At work, your employer has a duty to minimise noise in the workplace in order to prevent the high exposure levels which have been proven to be a potential cause of industrial deafness and tinnitus. There are regulations in place, including The Noise at Work Regulations 1989, which outline what acceptable levels of noise are, how employers should ensure that noise levels are minimised and that suitable protective equipment, such as ear defenders, is provided.

Industrial Deafness

Industrial deafness can best be described as the deterioration of your hearing as a result of your working environment and conditions.

Any employee who is exposed to loud noise over a prolonged period, or in exceptional cases even for a relatively short period, is at risk of developing industrial deafness.


Tinnitus is a physical condition (rather than a disease) and can also be caused by an overexposure to noise. The condition manifests itself by causing noises (most often described as ‘ringing’) in the ears when no such noise is actually present.

The length and intensity of exposure to loud noises both on a daily basis and over a period of time are contributing factors to industrial deafness and tinnitus.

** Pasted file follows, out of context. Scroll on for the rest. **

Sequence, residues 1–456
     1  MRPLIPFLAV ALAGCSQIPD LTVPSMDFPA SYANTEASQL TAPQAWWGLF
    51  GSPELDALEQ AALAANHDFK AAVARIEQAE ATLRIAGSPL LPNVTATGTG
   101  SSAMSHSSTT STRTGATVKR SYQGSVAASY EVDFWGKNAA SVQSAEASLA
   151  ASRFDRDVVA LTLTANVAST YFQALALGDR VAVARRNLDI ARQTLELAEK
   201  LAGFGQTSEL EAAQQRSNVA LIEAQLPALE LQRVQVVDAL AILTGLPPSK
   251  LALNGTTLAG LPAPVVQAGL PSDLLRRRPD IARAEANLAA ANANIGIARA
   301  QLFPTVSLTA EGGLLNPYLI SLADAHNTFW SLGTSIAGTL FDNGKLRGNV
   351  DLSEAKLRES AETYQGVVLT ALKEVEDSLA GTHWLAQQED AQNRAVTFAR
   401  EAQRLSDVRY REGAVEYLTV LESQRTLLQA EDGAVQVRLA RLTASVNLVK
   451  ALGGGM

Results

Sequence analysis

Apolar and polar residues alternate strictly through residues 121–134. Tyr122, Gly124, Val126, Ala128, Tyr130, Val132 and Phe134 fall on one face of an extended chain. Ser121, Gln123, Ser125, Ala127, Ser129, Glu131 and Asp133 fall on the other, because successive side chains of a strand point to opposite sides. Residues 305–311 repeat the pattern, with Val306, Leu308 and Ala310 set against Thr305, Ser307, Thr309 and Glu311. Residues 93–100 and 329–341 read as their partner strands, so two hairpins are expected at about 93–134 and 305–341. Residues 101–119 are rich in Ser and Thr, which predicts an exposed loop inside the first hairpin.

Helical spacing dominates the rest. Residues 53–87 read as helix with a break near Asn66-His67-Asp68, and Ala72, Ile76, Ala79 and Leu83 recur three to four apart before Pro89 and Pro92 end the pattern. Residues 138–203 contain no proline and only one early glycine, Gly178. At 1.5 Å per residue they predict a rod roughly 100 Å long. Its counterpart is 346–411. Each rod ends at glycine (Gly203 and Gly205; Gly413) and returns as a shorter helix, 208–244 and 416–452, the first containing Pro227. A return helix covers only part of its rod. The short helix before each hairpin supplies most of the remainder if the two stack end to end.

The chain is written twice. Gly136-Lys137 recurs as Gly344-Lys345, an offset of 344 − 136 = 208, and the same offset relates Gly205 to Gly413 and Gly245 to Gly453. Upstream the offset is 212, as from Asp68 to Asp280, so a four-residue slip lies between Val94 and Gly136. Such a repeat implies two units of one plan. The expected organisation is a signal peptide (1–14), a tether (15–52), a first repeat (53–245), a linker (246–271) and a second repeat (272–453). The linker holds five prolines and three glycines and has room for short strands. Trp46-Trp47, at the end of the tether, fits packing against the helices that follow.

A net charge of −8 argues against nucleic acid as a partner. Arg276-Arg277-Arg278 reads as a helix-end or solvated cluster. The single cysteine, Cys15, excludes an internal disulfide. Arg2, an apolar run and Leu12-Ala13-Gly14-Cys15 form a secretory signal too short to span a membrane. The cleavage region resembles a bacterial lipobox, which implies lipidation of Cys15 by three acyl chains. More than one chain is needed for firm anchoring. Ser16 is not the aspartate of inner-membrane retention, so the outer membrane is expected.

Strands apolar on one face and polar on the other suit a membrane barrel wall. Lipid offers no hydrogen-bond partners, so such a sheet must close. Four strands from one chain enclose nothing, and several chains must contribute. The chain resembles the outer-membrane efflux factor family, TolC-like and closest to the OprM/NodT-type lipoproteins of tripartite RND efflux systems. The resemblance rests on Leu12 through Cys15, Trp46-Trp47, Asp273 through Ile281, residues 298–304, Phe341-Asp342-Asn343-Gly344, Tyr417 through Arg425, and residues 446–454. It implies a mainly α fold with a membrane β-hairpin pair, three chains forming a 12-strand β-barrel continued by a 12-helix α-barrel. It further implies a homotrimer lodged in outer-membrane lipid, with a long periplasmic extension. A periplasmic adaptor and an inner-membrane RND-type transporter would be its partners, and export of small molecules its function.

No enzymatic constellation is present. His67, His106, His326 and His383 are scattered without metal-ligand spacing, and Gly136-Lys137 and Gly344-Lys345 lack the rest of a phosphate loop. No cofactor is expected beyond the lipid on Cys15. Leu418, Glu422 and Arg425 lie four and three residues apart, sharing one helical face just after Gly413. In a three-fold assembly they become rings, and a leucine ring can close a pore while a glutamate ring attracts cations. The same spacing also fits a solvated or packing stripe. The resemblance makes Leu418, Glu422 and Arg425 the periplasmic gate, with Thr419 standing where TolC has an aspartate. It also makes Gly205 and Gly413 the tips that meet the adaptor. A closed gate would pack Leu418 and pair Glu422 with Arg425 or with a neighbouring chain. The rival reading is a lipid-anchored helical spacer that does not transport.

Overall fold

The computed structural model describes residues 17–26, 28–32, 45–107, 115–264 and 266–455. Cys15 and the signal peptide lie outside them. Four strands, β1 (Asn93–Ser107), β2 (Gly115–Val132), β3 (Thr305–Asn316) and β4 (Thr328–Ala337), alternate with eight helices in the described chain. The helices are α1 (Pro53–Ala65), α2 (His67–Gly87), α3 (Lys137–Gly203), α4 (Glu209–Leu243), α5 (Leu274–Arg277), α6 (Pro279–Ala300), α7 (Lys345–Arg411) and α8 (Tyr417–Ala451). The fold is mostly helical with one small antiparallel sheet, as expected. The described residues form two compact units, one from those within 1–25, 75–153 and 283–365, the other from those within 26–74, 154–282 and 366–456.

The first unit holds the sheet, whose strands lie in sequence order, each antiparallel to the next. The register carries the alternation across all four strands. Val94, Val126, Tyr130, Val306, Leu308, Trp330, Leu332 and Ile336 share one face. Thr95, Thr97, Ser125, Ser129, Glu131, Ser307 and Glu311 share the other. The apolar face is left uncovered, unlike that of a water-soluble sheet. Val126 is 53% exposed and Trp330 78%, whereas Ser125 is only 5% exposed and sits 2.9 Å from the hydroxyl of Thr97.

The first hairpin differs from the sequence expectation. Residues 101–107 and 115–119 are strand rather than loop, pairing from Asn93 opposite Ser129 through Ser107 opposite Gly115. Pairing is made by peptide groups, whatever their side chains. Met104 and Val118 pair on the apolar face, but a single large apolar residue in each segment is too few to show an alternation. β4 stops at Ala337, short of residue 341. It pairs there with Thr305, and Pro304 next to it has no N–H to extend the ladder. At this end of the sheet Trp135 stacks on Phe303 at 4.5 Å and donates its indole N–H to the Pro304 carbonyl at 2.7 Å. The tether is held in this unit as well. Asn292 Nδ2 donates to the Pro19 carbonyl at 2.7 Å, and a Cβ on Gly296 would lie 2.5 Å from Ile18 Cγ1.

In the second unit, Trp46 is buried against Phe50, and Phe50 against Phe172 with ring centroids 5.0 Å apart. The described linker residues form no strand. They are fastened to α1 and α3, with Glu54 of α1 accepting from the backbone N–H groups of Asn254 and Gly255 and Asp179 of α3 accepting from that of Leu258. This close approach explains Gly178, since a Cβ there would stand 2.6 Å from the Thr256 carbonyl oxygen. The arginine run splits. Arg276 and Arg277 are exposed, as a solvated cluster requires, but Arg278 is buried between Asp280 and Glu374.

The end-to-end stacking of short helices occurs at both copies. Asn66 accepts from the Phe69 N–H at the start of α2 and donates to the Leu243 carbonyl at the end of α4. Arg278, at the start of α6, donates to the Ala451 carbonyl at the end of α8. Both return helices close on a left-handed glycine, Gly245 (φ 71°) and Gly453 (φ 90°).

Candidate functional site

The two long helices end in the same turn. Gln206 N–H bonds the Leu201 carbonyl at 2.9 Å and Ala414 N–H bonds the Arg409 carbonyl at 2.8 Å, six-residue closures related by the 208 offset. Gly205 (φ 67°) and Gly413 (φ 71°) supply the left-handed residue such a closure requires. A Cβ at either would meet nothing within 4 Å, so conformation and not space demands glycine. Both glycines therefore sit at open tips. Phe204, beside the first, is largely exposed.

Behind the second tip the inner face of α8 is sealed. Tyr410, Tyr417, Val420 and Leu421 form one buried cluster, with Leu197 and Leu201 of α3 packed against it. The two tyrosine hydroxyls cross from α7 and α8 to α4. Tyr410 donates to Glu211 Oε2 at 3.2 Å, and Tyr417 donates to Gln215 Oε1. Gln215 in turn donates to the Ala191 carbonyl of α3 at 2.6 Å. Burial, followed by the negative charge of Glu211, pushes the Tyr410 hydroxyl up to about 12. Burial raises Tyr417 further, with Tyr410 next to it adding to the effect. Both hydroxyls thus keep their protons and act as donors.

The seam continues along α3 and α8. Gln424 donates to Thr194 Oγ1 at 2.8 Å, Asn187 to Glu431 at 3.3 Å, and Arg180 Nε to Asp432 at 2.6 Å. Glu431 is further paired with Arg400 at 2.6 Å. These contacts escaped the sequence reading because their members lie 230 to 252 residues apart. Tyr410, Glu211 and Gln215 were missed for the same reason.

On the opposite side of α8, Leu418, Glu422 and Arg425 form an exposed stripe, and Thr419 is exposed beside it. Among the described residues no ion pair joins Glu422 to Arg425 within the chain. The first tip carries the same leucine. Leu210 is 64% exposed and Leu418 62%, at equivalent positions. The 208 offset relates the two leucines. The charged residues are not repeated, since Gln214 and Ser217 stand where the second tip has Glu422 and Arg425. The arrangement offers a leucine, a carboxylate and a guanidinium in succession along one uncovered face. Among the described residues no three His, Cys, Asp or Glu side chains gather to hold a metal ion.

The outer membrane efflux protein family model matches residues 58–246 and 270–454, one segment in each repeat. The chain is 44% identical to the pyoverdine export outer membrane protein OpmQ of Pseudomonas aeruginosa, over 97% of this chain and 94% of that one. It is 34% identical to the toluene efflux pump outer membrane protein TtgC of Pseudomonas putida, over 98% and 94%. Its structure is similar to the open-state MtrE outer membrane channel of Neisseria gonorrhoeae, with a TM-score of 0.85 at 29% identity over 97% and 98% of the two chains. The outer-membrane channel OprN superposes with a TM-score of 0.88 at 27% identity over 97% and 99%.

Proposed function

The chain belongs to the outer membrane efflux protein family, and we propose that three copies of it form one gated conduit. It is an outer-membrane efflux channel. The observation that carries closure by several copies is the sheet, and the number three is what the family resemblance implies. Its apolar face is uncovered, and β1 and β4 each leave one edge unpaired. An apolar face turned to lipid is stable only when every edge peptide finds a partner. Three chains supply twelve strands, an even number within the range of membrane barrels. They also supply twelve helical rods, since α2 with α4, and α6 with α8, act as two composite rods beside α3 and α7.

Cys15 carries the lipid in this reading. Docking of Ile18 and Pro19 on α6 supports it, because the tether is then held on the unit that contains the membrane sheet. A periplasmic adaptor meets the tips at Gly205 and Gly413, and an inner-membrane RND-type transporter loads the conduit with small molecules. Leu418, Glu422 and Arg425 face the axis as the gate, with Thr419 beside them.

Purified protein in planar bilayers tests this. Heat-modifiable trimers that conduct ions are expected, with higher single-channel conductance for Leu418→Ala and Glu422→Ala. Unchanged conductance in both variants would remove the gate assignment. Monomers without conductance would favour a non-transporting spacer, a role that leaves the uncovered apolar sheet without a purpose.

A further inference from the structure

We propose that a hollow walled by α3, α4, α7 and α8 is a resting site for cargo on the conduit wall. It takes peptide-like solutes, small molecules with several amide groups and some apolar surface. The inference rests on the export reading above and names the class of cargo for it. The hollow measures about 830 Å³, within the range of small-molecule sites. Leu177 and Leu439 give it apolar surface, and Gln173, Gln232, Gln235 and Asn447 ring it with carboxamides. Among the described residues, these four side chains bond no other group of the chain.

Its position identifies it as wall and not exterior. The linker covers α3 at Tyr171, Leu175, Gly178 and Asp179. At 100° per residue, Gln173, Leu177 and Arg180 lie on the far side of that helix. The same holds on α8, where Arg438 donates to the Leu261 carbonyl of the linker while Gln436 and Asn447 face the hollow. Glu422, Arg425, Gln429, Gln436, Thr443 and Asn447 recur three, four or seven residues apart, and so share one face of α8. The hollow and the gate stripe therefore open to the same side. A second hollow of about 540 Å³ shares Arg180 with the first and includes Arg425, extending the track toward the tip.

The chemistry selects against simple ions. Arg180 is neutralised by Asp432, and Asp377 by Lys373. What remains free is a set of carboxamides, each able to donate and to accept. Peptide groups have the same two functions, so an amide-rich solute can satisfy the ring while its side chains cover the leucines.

Occupations which are most frequently affected by industrial deafness and tinnitus are those who use heavy machinery and include the manufacturing, construction, agriculture and transport industries.

Industrial deafness and tinnitus claim advice

If you have been affected by noise levels in your workplace and have suffered tinnitus or industrial deafness as a result, please contact Morrish Solicitors today. We will guide you through the claims process for industrial deafness and tinnitus and can also offer you help and advice even if there is no claim to be made. Call our free accident compensation helpline today on 033 3344 9602 to find out if you have a claim for industrial deafness, or complete our online claim form.